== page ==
In 2019, the MFA launched a programme to enhance the effectiveness of anti-corruption efforts at national and international levels, focusing on advocacy, monitoring and research among others.3 The programme supports civil society organisations (CSOs), private companies and international organisations. Transparency International Denmark is in favour of the programme and will follow its activities and allocation of funds until it ends in 2022.

The MFA website offers a public register for the suspected or confirmed misuse of Danish development funds. In accordance with data privacy legislation, the cases are removed after two years, but can be recovered by contacting the MFA. The Danish national audit agent, Rigsrevisionen is informed on a quarterly basis about the number of cases and expected financial loss. In 2019, 46 cases were reported, amounting to an expected loss of DKK550.000 (around US$87,578) as a result of corruption, fraud and misuse of Danish public aid (in 2019, the total development aid from Denmark was DKK12 billion, approximately US$1.9 billion).

FAFPI is still under development, and it is therefore not possible to assess the level of support from the MFA.

Challenges to effective commitment implementation
The Danish capacity to implement the commitment may be reduced as the number of actors has increased with more and new types of partnerships. Cuts in allocations to the Danish MFA could mean that it is more difficult for embassies and country offices to maintain an overview of programmes and projects implemented with Danish support. Furthermore, the detrimental impact of COVID-19 on economies worldwide will presumably lead to declines in GDP which might have adverse effects on aid in the coming years.

The declining allocations of funds to bilateral programmes could lead to a decreased opportunity for country level political dialogue, which is a pre-condition for an effective country-based cooperation on reducing corruption. This may be counterbalanced by Denmark’s success at getting human rights issues on the agenda at the UN level, but these considerations are important for future anti-corruption programmes.4

Opportunities to accelerate commitment implementation

Accountability and transparency were previously dealt with through bilateral country programmes. This has declined, and now more funding is channelled through either multilateral funds, the EU system CSOs. This change of channels has increased the opportunities to monitor the implementation of the commitment and reduced the instances of corruption. Continuing to use these channels are thus seen as an opportunity to accelerate commitment implementation.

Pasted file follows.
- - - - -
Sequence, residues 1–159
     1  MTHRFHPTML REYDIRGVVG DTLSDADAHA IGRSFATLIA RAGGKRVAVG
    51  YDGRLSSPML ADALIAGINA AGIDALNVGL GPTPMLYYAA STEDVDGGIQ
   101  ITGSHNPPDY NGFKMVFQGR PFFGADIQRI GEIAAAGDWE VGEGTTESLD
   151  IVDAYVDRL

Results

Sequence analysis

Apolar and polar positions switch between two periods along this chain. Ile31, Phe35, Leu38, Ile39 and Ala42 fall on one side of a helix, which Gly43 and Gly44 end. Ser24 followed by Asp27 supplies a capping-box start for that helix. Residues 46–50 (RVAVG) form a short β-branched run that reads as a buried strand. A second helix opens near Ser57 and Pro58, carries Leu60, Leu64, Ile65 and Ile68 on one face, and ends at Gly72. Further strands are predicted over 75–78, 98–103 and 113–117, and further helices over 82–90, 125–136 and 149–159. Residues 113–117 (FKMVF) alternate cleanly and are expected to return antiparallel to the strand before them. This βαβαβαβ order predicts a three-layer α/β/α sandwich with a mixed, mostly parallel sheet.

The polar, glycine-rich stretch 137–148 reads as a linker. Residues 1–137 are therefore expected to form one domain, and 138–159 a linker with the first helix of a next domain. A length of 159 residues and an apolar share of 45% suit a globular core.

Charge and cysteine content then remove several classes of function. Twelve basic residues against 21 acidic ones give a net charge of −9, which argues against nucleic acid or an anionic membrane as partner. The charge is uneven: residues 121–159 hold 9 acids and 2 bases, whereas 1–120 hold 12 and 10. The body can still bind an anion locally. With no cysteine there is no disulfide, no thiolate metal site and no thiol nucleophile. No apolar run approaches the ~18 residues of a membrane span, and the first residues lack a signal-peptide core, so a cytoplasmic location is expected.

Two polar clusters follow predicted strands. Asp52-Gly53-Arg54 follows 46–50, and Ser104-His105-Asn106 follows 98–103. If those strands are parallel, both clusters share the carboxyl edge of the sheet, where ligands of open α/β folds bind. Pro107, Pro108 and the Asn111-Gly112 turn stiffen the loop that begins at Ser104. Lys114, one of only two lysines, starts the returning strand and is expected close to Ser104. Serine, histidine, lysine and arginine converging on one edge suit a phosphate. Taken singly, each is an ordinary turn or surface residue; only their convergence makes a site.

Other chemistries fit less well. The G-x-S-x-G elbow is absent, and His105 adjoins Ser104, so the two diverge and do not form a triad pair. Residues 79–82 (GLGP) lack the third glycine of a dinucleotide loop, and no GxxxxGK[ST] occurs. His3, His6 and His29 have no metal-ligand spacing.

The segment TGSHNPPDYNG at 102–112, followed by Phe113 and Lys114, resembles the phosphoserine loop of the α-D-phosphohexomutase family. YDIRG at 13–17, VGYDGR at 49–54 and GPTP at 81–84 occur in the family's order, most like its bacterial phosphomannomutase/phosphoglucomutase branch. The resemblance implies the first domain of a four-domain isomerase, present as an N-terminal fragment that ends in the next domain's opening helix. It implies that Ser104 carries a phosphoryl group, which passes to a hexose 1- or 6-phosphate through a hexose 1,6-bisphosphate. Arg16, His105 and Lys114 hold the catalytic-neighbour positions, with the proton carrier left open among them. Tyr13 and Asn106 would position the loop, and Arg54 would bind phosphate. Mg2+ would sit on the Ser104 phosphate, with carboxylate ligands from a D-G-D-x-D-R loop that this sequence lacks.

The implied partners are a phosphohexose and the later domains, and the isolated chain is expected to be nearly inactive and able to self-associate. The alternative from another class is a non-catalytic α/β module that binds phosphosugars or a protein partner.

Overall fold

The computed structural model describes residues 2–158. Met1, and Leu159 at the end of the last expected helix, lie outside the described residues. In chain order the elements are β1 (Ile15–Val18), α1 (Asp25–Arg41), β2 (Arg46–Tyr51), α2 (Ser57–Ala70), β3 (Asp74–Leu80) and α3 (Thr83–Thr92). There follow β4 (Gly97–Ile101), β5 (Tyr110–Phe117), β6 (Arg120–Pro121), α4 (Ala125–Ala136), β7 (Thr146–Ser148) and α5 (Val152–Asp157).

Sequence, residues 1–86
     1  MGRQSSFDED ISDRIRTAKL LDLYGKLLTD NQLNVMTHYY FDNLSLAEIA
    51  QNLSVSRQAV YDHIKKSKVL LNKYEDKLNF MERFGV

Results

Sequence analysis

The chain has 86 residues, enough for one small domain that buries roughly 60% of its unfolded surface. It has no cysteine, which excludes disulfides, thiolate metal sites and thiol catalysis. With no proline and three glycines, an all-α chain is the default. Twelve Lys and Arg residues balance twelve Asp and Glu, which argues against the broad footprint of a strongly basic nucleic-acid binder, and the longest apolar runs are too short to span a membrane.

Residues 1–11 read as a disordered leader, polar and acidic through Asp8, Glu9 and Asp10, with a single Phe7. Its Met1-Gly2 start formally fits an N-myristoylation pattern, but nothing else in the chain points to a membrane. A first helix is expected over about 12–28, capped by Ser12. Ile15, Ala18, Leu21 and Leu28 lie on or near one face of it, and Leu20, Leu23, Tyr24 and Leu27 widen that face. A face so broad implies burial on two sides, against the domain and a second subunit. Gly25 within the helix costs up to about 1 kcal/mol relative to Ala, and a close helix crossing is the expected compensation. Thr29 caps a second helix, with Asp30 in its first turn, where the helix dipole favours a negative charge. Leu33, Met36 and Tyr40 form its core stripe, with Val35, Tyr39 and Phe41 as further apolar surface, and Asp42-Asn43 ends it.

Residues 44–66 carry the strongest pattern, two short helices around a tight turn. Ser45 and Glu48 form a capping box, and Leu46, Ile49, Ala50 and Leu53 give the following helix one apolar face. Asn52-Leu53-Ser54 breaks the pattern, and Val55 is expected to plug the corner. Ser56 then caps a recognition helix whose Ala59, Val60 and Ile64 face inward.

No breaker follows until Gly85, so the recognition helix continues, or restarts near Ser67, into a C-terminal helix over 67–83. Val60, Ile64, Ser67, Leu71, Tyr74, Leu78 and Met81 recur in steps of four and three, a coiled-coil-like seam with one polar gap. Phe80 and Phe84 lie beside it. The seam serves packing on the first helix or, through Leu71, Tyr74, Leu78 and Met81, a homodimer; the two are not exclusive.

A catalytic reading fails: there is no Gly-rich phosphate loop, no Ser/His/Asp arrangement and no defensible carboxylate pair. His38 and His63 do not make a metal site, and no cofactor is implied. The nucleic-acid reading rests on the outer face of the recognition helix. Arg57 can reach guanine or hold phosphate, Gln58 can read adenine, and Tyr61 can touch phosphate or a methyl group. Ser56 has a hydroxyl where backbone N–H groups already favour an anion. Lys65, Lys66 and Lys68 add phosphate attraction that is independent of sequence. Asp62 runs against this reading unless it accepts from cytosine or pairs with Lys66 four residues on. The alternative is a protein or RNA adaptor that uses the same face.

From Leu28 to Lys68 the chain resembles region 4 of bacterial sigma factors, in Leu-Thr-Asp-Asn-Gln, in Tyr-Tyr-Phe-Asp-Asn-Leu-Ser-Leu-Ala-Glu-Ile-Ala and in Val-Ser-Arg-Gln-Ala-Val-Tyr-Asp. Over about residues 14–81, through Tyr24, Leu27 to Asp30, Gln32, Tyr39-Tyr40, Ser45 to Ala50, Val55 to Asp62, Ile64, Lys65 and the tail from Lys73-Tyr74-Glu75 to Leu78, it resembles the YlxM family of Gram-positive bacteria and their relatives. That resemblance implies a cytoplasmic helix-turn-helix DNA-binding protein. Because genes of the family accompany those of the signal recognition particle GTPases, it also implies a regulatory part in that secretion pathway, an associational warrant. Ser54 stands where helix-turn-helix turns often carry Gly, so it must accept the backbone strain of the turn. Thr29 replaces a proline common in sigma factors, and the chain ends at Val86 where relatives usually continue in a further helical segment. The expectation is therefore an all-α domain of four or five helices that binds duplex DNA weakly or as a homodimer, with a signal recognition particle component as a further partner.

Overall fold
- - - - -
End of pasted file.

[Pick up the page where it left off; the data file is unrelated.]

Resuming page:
Denmark is increasing its focus on digital resilience; a position has been established in the department of Humanitarian Action, Civil Society and Engagement with a focus on support through CSOs. International Media Support is a major actor in the media support globally and works with its partners in these areas. United Nations Development Programme has also requested support from Denmark for its #NextGenGov initiative.

It is recommended that the implementation of the commitment continues to follow Transparency International guidelines for transparent development aid5 by: i) following the common International Aid Transparency Initiative (IATI) standards for reporting all development flows; ii) ensuring that information is consistently and proactively made public; iii) guaranteeing the public’s engagement and ownership of development activities that are funded from abroad; iv) bringing new and traditional development actors into the same cooperation structures; and v) leveraging international processes to deliver on development commitments. Further specific recommendations are available in the annex of the Transparency International paper, Anti-Corruption Strategies for Donors During the COVID-19 Pandemic.6

  1. 2019
  2. 12 October 2018
  3. Transparency International, Transparency and Accountability in Development: Where Do We Stand?,
    20 November 2012
  4. Transparency International, Anti-Corruption Strategies for Donors During the COVID-19 Pandemic,
    25 May 2020